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New Security Scanners Active in Louisville International Airport

Passengers at the Louisville International Airport may be the first to pass through new security scanners that were activated over the weekend.

Both Louisville and Lexington’s Blue Grass Airport are the latest to receive the new body scanners, which around 140 airports already have in place. When passengers pass through the scanners, they’ll be able to see a generic outline of a human body, not like other scanners that show more detailed and individualized body images, said Jim Fotenos, Transportation Security Administration spokesman.

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Louisville, Lexington Airports Install New Security Scanners Soon

The Transportation Security Administration is installing new security scanners at several airports around the country in the upcoming weeks including the Louisville and Lexington airports.

Nearly 140 airports have already made the switch to one of two scanner types in the last few years. Both devices scan the entire body but only one displays a complete image of passengers’ bodies, said TSA spokesman Jim Fotenofs.

The scanners being installed in Louisville and Lexington will display the same body image for every passenger, which should eliminate privacy concerns from travelers, said Fotenofs.

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Cincinnati/Northern Kentucky and Indianapolis Airports Join TSA Quick-Screen Program

The Cincinnati/Northern Kentucky and Indianapolis airports are joining the Transportation Security Administration’s (TSA) new PreCheck program.

Eligible fliers on American and Delta and certain members of Customs and Border Protection’s Trusted Traveler programs will have the chance to move more quickly through security screening by registering ahead of time with the TSA and its member airlines, which will include U.S. Airways, United and Alaskan airlines later this year, said TSA spokesman Jim Fotenofs.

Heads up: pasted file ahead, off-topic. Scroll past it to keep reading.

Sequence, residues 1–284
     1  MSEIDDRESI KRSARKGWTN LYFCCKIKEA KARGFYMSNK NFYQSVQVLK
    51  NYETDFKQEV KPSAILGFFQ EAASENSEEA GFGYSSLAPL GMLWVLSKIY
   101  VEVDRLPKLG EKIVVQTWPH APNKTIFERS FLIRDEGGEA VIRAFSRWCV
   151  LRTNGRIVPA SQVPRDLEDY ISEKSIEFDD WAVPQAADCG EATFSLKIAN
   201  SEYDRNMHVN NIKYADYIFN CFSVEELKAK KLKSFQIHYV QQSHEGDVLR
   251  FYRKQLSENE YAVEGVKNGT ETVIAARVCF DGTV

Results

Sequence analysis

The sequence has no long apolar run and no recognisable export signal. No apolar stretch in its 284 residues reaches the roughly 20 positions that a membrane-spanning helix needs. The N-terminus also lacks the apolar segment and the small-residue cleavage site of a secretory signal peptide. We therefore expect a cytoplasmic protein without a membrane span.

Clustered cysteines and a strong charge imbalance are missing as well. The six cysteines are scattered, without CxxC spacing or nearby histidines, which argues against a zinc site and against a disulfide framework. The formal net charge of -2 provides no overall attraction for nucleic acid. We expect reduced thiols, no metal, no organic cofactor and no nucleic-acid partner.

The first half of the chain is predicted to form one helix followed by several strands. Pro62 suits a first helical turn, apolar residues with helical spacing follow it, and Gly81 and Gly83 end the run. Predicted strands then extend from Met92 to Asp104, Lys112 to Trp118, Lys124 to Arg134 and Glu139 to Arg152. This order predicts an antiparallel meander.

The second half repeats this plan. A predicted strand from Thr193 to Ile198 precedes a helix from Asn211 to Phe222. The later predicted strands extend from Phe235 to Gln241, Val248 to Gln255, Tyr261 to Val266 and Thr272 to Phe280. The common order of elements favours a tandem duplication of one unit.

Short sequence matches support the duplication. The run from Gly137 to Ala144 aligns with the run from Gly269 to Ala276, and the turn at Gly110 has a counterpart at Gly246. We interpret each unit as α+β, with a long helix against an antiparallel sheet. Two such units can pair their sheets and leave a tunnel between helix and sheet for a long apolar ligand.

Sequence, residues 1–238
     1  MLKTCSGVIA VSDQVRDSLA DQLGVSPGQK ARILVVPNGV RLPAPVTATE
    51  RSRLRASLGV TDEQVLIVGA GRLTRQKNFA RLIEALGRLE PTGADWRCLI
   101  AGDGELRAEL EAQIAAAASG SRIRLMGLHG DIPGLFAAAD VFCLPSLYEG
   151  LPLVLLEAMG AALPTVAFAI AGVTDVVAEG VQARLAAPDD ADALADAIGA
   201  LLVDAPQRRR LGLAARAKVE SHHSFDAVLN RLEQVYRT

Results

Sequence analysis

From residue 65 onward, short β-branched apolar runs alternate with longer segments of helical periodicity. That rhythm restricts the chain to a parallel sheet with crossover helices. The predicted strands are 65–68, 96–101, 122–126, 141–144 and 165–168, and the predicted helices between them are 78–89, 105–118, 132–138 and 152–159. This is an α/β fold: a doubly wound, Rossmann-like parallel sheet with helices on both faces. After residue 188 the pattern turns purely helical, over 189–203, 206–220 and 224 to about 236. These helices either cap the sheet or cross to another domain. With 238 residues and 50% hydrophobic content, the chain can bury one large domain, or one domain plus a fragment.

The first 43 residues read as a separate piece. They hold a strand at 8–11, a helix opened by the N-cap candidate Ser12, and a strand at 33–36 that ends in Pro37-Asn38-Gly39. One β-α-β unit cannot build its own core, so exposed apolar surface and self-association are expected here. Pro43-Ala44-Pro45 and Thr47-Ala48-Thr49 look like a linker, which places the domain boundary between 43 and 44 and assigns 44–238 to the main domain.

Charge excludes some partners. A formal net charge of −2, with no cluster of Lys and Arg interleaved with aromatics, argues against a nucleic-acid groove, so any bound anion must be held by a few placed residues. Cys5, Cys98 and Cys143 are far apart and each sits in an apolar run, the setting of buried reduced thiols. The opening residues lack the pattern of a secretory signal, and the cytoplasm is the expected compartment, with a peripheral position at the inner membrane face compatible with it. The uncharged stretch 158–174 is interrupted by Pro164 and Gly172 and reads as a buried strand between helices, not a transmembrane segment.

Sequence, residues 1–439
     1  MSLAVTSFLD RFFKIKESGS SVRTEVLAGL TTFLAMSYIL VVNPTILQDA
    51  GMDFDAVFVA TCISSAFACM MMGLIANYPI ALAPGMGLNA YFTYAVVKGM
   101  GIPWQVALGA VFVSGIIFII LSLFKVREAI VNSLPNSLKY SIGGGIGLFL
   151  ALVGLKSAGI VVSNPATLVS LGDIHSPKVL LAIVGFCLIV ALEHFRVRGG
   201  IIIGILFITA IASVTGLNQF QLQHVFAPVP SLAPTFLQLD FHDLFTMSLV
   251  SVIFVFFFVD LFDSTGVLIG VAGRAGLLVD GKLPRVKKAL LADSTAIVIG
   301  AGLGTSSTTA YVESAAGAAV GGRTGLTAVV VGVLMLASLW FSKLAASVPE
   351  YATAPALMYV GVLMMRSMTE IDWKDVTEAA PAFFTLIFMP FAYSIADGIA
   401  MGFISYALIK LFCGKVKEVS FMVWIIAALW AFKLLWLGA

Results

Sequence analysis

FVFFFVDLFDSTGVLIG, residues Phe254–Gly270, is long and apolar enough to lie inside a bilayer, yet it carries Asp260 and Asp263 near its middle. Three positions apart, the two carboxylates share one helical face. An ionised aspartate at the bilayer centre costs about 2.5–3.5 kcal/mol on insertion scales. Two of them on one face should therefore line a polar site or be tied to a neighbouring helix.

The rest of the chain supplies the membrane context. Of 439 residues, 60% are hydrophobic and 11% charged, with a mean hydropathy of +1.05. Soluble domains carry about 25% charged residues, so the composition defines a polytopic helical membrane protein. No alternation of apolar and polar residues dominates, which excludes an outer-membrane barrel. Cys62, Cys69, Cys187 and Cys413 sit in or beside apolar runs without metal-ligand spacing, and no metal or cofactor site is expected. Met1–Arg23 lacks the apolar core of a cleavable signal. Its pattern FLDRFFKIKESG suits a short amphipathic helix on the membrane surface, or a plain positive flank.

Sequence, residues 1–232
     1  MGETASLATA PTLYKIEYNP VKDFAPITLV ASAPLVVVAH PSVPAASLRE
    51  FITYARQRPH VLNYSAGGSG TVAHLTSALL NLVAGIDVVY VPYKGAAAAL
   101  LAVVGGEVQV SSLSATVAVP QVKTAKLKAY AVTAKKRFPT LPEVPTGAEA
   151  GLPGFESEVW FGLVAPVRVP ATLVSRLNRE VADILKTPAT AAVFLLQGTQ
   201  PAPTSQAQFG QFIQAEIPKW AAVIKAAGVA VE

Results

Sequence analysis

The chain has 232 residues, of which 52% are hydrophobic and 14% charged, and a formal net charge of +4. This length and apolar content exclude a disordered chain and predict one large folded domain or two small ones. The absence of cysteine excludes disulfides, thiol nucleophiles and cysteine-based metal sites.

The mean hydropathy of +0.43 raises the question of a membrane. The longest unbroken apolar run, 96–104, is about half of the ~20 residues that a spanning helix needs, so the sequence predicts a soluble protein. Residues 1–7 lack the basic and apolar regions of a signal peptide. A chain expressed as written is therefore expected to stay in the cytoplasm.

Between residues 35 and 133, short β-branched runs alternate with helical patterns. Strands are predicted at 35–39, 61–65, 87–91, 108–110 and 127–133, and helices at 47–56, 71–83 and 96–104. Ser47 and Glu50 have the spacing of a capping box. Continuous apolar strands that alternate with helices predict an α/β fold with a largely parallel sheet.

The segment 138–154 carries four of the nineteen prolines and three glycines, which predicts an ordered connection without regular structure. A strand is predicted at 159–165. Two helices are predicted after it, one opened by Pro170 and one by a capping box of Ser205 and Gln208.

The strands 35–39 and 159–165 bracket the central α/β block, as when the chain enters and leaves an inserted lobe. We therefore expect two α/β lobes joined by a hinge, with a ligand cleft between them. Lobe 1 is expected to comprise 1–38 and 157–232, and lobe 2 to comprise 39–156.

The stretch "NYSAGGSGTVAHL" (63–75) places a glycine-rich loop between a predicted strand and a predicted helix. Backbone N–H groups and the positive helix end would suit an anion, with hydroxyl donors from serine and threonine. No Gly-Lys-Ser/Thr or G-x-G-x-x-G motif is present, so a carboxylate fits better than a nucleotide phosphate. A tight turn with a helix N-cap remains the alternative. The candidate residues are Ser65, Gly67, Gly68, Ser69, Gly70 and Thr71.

“That expedited screening could include leaving your shoes on, your belts on, your jackets on, your laptops in your bags and your limited quantity liquids would no longer have to come out,” he said.

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New Scanners Coming to Louisville Airport

Louisville is slated to receive new airport passenger scanning equipment.

The Transportation Security Administration will send 300 of the $150,000 Advanced Imaging Technology machines to 16 cities.

The devices are full body scanners, but are different from the controversial backscatter machines that project an image of passengers’ bodies onto a screen for TSA officials to review. Rather, the AITs show an outline of a human form and identify any potential threats.

From Business First:

“The deployment of this technology further strengthens security while also enhancing passenger privacy,” TSA assistant administrator of security capabilities Robin Kane said in a news release. “The ability to safely detect non-metallic threats concealed under layers of clothing provides TSA officers with an invaluable resource.”

The TSA will pay for the machines, but hasn’t yet announced when the devices will be installed or how many will go to each city.

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Local News

Storm Delays In Other Cities Hold Flights At Louisville Airport

Several flights at the Louisville International Airport have been delayed or cancelled due to winter weather. (Click here to see cancellations and delays)

The storm moving across the country is causing cancellations at many airports in the midwest, and flights in and out of Louisville have been delayed due to problems in other cities.

Louisville is not an air hub, and airport spokesperson Trish Burke says that greatly reduces any local difficulties. Burke says some passengers will be stranded in Louisville, but the delays won’t put much extra burden on airport workers.

“Our role becomes much more of communication and trying to help the passengers communicate with the airlines and their families,” she says.

Burke says the airlines handle most of the issues surrounding delays at other airports. If flights are cancelled or delayed, Burke says the airport will adjust its hours to serve travelers.

Graham Shelby contributed to this report.

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Local News Politics

Airport Terminal Named For Abramson

In a ceremony Wednesday, the Louisville Regional Airport Authority dedicated the passenger terminal at the airport to Mayor Jerry E. Abramson.